The Philosophy of Japanese Wartime Resistance: A reading, with commentary, of the complete texts of the Kyoto School discussions of "The Standpoint of World History and Japan" (Paperback)David Williams (author)
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The transcripts of the three Kyoto School roundtable discussions of the theme of `the standpoint of world history and Japan' may now be judged to form the key source text of responsible Pacific War revisionism. Published in the pages of Chuo Koron, the influential magazine of enlightened elite Japanese opinion during the twelve months after Pearl Harbor, these subversive discussions involved four of the finest minds of the second generation of the Kyoto School of philosophy. Tainted by controversy and shrouded in conspiratorial mystery, these transcripts were never republished in Japan after the war, and they have never been translated into English except in selective and often highly biased form.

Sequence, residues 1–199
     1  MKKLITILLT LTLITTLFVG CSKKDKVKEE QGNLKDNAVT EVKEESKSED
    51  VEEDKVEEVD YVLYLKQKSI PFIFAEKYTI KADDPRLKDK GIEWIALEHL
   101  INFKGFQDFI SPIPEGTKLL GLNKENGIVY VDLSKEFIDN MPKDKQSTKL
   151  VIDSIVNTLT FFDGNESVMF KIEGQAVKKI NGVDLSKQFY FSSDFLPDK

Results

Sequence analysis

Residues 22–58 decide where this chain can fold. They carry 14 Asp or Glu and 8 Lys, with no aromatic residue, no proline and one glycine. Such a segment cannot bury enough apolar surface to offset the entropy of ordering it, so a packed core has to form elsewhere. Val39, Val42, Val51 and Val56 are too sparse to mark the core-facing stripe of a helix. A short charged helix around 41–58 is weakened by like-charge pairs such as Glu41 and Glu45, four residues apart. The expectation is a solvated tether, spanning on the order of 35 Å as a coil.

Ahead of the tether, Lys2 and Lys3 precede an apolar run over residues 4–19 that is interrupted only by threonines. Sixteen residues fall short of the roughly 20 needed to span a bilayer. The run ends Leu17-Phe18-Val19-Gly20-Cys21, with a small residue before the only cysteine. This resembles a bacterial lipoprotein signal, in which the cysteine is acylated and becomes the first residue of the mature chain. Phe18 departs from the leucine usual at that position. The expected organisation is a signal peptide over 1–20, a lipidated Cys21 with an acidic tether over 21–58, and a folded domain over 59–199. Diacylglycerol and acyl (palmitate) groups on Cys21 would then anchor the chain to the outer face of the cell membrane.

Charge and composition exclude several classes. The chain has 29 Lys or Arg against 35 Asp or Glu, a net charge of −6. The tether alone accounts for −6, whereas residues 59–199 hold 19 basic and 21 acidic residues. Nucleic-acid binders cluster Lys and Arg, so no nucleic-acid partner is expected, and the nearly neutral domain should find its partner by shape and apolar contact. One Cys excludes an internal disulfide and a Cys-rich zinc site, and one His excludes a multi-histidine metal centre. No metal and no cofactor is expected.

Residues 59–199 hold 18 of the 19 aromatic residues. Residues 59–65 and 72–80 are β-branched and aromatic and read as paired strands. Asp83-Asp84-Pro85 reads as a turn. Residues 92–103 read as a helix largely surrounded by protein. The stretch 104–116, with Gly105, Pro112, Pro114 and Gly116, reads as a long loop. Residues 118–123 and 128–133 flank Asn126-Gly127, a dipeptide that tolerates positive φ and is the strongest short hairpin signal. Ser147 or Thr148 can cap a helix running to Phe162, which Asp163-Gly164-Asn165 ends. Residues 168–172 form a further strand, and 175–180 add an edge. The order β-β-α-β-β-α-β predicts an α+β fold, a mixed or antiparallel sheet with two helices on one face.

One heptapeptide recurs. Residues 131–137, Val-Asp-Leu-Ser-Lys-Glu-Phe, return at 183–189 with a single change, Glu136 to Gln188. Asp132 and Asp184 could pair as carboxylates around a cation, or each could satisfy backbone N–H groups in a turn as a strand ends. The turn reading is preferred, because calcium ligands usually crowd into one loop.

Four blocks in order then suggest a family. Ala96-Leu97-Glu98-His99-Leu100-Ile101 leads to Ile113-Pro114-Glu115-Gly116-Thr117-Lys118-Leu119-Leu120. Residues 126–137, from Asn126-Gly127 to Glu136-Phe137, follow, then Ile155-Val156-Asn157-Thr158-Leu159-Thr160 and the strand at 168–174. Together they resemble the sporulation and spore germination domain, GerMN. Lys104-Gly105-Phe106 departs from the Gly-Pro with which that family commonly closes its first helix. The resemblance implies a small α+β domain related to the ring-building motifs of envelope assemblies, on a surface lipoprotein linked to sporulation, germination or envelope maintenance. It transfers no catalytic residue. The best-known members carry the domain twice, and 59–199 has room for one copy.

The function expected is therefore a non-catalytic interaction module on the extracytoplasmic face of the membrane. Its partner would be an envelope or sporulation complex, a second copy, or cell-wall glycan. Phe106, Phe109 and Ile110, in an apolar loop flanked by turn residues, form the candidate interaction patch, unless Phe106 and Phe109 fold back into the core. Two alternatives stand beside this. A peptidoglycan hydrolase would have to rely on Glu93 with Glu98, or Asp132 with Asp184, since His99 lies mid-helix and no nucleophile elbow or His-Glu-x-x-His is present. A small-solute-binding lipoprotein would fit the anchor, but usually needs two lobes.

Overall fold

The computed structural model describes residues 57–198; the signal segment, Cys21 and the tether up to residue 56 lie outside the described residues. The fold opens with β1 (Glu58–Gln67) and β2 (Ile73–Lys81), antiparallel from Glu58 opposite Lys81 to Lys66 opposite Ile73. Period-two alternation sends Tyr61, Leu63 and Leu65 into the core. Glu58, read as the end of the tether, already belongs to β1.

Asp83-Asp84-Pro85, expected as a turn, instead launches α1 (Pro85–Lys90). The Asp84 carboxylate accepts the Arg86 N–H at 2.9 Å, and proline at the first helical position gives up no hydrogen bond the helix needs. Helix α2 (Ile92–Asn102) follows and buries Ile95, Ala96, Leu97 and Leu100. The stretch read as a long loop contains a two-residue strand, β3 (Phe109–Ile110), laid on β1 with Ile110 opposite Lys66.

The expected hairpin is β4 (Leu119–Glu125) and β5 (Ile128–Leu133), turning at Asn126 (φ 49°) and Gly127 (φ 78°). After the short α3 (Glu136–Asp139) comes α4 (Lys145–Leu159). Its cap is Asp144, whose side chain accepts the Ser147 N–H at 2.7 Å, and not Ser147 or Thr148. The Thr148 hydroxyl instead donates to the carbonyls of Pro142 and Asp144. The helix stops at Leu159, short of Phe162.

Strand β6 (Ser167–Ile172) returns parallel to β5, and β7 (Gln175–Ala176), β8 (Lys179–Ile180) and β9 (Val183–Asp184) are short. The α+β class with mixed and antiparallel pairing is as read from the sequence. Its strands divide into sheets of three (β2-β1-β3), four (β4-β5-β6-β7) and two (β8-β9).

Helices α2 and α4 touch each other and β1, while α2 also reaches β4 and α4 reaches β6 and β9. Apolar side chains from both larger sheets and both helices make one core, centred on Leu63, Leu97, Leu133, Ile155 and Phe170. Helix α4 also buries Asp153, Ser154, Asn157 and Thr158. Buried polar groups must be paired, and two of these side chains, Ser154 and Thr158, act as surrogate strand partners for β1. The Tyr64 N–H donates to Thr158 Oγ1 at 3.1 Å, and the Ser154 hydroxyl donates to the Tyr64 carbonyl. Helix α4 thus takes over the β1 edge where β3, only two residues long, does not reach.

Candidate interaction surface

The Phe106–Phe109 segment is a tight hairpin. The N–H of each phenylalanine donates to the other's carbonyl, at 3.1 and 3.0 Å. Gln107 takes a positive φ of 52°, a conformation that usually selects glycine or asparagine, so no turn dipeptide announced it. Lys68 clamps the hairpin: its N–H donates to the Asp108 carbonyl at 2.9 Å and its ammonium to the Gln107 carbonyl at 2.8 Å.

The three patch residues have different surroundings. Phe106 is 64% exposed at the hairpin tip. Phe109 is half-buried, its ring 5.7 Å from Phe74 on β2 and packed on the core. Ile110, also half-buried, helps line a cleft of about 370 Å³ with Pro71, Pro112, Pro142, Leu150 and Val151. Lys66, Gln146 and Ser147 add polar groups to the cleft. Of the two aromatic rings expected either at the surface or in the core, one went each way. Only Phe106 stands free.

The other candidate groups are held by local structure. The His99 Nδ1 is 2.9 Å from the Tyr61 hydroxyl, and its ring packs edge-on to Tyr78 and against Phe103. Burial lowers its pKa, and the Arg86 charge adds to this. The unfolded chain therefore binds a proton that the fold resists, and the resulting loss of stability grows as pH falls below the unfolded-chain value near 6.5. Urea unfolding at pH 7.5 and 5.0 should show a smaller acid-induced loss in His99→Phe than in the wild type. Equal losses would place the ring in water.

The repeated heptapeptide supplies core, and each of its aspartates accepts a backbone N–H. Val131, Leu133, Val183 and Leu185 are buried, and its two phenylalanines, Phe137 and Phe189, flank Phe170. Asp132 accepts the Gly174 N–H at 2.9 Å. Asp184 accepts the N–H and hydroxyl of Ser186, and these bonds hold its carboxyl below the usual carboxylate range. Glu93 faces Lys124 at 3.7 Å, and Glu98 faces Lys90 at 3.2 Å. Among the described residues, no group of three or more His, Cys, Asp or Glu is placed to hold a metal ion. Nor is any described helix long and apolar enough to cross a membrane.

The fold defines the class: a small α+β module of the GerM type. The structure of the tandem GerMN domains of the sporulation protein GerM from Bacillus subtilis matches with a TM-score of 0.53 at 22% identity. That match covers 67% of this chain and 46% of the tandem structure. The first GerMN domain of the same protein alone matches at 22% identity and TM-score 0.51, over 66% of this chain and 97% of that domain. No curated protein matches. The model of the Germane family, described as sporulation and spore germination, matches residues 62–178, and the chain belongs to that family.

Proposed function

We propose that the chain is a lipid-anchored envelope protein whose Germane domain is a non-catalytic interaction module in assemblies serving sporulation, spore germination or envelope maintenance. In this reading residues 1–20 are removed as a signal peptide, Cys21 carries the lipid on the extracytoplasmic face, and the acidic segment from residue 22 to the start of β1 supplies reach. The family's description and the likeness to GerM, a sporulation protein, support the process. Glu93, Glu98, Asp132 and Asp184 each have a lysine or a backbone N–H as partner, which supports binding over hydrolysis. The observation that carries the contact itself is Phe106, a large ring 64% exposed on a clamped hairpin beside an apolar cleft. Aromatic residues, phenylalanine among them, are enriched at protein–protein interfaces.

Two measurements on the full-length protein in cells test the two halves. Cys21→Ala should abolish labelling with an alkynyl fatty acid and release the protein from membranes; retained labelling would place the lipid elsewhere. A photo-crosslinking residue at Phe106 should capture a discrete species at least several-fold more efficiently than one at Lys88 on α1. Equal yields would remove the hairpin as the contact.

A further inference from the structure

David Williams has now produced the first objective, balanced and close interpretative reading of these three discussions in their entirety since 1943. This version of the wartime Kyoto School transcripts is neither a translation nor a paraphrase but a fuller rendering in reader-friendly English that is convincingly faithful to the spirit of the original texts. The result is a masterpiece of interpretation and inter-cultural understanding between the Confucian East and the liberal West. Seventy years after Tojo came to power, these documents of the Japanese resistance to his wartime government and policies exercise a unique claim on students of Japanese history and thought today because of their unrivalled revelatory potential within the vast literature on the Pacific War. The Philosophy of Japanese Wartime Resistance may therefore stand as the most trenchant analysis of the political, philosophic and legal foundations of the place of the Pacific War in modern Japanese history yet to appear in any language.
Publisher: Taylor & Francis Ltd
Number of pages: 224
Weight: 830 g
Dimensions: 234 x 156 mm
`This deeply researched and provocative study highlights the key significance of Confucian political ideas for Kyoto School thinkers while demonstrating the futility of approaching their philosophy from the standpoint of `moral history'. - Graham Parkes, University College Cork, Ireland
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